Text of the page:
Arrhythmia causes

The causes of an abnormal heart rhythm include:

Congenital heart defect causes

This heart disease occurs while a baby is still developing in the uterus. Some heart defects may be serious and diagnosed and treated early. Some may also go undiagnosed for many years.

Your heart’s structure can also change as you age. This can create a heart defect that may lead to complications and problems.

Cardiomyopathy causes

There are several types of cardiomyopathy. Each type is the result of a separate condition:

The causes range from other medical conditions or comorbidities or genetics. Not all the causes are fully understood.

Heart infection causes

Bacteria, parasites, and viruses are the most common causes of heart infections. Uncontrolled infections in the body can also harm the heart if they’re not properly treated.

There are many risk factors for heart disease. Some are controllable and others aren’t.

According to the CDC, around 47% of people in the United States have at least one risk factor for heart disease. Some of these risk factors include:

Smoking, for example, is a controllable risk factor. People who smoke double their chance of developing heart disease, according to the National Institute of Diabetes and Digestive and Kidney Diseases.

People with diabetes may also have a higher risk of heart disease because high blood glucose levels increase the chance of:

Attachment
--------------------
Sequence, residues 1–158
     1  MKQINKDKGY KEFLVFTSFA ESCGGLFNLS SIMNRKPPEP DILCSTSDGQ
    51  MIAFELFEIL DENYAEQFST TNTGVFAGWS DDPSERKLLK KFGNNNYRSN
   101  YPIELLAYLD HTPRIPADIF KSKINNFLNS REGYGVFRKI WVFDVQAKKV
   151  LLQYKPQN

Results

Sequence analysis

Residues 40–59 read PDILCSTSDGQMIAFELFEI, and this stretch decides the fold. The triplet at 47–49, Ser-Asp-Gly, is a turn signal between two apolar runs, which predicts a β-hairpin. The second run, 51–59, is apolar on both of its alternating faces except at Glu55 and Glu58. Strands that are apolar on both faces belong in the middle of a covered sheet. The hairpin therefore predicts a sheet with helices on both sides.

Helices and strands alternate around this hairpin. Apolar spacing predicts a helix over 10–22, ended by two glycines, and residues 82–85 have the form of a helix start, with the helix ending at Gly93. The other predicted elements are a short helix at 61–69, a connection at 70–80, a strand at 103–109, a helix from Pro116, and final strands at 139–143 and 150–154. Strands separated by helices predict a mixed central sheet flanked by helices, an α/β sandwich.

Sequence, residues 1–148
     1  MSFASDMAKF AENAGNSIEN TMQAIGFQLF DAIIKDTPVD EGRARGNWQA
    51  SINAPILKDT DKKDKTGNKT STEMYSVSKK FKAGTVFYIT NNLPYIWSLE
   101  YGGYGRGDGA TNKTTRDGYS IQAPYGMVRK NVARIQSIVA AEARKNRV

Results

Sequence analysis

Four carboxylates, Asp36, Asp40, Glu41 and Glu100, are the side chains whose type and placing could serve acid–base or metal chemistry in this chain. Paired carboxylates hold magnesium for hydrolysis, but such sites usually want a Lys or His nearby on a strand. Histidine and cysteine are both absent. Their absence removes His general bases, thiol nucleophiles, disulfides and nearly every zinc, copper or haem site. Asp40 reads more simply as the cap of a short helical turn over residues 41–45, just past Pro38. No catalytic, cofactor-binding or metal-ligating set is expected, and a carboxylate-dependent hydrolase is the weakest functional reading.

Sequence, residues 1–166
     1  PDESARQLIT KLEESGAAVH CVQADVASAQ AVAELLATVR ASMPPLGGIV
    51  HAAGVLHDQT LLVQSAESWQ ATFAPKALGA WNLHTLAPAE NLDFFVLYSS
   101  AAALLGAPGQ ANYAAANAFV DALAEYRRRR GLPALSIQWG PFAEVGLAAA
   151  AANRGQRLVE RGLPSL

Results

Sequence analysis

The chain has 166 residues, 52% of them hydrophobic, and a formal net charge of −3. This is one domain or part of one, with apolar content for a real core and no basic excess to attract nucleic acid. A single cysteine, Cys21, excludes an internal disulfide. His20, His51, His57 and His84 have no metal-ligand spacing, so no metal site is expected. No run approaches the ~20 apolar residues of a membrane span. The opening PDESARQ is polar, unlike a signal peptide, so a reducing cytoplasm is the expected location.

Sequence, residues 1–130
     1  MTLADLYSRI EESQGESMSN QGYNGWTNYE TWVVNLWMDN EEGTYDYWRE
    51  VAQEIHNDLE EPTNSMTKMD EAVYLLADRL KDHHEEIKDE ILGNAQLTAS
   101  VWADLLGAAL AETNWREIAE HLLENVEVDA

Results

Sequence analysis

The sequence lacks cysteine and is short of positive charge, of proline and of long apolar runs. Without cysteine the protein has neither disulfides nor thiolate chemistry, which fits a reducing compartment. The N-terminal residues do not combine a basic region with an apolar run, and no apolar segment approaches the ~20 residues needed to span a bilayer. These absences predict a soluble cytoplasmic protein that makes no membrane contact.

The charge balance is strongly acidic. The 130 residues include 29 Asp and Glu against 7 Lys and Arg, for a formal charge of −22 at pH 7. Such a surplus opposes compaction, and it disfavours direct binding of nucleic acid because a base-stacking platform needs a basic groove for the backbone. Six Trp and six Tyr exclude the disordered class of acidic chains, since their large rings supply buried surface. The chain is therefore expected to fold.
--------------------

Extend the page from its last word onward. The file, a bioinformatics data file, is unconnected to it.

If you have diabetes, managing your glucose can limit your chance of developing heart disease. People with both high blood pressure and diabetes have a higher risk of cardiovascular disease.

Risk factors you can’t control

Other risk factors for heart disease include:

  • family history
  • ethnicity
  • sex
  • age

Although these risk factors aren’t controllable, you may be able to monitor their effects.

A family history of CAD is especially concerning if it involves:

  • a male relative under 55 years old
  • a female relative under 65 years old

Non-Hispanic Black people, non-Hispanic white people, and people of Asian or Pacific Islander heritage have a higher risk than Native Alaskan or Native American people.

Also, males have a greater risk of heart disease than females. According to the CDC, the prevalence of heart disease is higher in men than in women.

Learn more about the risk factors for CAD.

Your doctor may order several types of tests and evaluations to make a heart disease diagnosis. Some of these tests can be performed before you ever have symptoms of heart disease.

Other tests may be used to look for possible causes of symptoms when they develop.

Physical exams and blood tests

The first thing your doctor will do is perform a physical exam. They will take an account of the symptoms you’ve been experiencing.

Then they will want to know your family and personal medical history. Genetics can play a role in some heart diseases. If you have a close family member with heart disease, share this information with your doctor.

Blood tests are frequently ordered. This is because they can help your doctor see your cholesterol levels and look for signs of inflammation.